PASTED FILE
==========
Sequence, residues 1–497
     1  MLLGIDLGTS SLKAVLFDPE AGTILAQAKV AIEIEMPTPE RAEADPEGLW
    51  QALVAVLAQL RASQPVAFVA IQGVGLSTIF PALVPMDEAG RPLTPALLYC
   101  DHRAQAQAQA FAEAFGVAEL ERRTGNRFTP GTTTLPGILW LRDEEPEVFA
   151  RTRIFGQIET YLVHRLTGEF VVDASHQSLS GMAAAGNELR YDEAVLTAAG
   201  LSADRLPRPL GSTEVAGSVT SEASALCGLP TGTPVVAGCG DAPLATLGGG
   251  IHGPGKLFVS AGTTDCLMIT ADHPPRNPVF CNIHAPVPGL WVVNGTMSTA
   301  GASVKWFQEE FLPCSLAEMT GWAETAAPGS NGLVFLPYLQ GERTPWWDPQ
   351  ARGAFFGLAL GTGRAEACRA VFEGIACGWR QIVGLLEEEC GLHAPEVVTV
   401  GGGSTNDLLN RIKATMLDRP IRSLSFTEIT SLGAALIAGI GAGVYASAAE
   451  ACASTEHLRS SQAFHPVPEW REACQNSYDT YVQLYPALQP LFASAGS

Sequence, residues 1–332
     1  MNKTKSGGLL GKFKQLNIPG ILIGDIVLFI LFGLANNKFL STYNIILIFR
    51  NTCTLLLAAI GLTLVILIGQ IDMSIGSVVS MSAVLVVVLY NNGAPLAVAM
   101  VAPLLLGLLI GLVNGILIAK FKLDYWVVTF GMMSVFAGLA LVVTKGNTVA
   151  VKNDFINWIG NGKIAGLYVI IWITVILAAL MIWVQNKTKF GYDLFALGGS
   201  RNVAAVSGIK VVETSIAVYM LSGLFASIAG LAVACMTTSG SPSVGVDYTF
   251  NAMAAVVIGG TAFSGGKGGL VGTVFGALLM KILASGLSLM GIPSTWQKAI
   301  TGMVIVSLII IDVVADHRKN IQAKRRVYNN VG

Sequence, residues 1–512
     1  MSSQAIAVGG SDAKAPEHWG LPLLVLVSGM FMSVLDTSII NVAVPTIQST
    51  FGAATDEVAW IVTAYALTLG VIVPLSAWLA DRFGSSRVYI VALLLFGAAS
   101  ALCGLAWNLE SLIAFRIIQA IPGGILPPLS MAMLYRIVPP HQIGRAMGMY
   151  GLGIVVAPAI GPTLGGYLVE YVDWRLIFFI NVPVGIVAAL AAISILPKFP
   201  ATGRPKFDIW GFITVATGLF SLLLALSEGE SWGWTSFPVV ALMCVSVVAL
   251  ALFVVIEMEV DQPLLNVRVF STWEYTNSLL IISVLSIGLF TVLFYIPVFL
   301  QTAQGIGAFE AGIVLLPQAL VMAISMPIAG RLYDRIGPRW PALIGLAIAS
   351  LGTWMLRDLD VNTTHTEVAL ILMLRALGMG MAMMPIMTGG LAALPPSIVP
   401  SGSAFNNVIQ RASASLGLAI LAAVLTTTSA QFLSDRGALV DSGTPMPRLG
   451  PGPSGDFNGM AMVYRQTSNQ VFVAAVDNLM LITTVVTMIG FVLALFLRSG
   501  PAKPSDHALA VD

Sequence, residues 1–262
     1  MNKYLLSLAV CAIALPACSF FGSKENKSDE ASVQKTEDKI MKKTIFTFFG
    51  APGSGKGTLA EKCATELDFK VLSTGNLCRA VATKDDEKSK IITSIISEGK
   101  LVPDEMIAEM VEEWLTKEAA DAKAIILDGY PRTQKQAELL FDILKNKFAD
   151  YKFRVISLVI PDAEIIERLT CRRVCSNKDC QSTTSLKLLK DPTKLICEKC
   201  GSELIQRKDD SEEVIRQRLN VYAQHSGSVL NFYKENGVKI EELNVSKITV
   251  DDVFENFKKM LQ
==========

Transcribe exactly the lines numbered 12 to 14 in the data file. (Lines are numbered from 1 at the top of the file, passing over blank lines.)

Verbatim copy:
Sequence, residues 1–332
     1  MNKTKSGGLL GKFKQLNIPG ILIGDIVLFI LFGLANNKFL STYNIILIFR
    51  NTCTLLLAAI GLTLVILIGQ IDMSIGSVVS MSAVLVVVLY NNGAPLAVAM